My favorite physical book this year is: Letters of Note of which I own Volume 2. It's a moving, delightful collection of letters written by all sorts of characters in history, including writer Jack Kerouac's letter to Marlon Brando asking Brando to play him in a film version of his book “On the Road”. Brando never replied. Another great one is this letter from the chairman of a London Hospital to a newspaper editor to spread the word about "The Elephant Man" to crowd fundraise for his continued care. One of my favorites though is a letter written by a freed Black man named Jourdon Anderson to his former abusive enslaver who angrily demands Anderson to come back to work for him. The letter in which Anderson declines the job offer with dignity and wit, ends with this line: “Say howdy to George Carter, and thank him for taking the pistol from you when you were shooting at me.”
I would love to share a copy of this treasure trove if you would like one. As always, be the first two to respond. :)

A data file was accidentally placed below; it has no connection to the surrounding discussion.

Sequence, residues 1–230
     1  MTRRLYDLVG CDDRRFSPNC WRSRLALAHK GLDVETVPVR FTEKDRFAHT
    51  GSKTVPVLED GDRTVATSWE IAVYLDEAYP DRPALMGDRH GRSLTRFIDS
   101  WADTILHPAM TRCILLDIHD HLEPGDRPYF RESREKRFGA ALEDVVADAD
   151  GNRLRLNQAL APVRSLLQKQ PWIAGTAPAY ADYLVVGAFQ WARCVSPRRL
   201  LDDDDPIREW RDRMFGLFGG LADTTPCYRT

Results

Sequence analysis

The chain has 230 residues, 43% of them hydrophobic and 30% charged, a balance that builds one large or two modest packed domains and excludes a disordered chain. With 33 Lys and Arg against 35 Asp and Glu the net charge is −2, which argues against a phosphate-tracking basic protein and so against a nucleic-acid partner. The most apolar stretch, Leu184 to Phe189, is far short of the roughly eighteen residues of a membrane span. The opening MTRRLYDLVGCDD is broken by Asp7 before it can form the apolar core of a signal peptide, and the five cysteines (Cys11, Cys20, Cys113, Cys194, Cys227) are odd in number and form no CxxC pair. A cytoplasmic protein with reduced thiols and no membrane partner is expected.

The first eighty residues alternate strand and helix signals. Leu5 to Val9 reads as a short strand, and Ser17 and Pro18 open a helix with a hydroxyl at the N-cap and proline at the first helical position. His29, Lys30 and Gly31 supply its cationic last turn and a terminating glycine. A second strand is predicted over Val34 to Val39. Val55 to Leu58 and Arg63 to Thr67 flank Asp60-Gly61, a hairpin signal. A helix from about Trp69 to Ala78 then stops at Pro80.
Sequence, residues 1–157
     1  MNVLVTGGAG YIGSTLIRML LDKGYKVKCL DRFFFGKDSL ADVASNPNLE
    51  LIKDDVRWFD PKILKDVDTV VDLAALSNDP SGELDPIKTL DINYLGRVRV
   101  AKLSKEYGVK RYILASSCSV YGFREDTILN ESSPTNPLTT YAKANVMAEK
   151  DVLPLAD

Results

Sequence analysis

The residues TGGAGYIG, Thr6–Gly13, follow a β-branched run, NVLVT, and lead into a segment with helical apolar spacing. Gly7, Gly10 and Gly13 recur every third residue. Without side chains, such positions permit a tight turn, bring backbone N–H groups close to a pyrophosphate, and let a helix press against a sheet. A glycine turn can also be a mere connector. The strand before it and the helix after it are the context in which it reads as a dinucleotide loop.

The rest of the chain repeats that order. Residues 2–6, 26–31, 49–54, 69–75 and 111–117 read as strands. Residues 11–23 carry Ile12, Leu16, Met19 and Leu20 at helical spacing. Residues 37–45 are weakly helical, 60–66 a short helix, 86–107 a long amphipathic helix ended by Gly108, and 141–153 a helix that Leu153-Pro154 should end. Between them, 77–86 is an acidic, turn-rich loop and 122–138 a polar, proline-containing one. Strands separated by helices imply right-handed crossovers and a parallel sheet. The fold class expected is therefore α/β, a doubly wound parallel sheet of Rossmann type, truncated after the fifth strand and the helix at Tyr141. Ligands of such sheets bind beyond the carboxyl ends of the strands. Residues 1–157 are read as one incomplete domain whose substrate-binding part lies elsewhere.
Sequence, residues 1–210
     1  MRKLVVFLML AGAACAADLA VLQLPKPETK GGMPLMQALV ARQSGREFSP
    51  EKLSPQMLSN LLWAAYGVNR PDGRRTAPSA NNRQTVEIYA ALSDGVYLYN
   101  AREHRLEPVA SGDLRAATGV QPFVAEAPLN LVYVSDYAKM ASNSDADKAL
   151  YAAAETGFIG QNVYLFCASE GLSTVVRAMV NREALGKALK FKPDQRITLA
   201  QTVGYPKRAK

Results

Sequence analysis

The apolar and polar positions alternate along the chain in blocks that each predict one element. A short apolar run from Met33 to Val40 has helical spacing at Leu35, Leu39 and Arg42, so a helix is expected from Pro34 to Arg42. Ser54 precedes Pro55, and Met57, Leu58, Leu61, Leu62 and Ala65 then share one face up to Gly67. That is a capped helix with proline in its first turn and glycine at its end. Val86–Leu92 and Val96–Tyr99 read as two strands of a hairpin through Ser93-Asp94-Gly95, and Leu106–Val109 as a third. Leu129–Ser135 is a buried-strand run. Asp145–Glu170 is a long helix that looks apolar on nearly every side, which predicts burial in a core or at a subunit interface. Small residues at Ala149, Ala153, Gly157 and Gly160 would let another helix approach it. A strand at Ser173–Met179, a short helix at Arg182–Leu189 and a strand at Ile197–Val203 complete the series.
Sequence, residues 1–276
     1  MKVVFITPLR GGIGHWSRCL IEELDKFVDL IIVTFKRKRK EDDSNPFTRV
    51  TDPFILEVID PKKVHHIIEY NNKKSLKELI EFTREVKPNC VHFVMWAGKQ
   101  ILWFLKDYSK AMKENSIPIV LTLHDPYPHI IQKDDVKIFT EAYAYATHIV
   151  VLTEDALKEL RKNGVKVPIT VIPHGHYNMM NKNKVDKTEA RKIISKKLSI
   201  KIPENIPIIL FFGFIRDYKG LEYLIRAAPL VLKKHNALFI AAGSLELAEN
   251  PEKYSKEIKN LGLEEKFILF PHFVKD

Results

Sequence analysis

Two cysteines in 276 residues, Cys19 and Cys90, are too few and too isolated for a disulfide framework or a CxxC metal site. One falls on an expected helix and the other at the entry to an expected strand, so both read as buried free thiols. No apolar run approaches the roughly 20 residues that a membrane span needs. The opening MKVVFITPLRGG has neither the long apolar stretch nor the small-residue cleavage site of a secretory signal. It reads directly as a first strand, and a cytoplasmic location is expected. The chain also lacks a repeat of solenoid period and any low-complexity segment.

I have personally been involved in, or have done the due diligence on all of these organizations, and know that the funds are being put to great use and as intended. My kids like to donate to the local Humane Society where we found our dog Moby, and we have also contributed to a food bank this year. If you are considering giving this year, please feel free to join me in supporting these organizations.
I would also love to support what you care about. Please reach out and let me know what organization you give your money or time to and why. For the first two readers who respond, I would love to make a modest gift and learn more about them.
This winter I will miss these outdoor dinners with friends. (Photo credit: Chong Oh)
Through the summer and fall, I savored leisurely outdoor dinners with loved ones, even if we were sitting six feet apart. Hunkering down for the long, frigid winter months feels hard right now. Perhaps I will share next month how I am coping. Please share some ideas!
In the meantime, please take good care of yourself and enjoy the last few days of this very long year. Wishing you a very merry, peaceful and healthy holiday.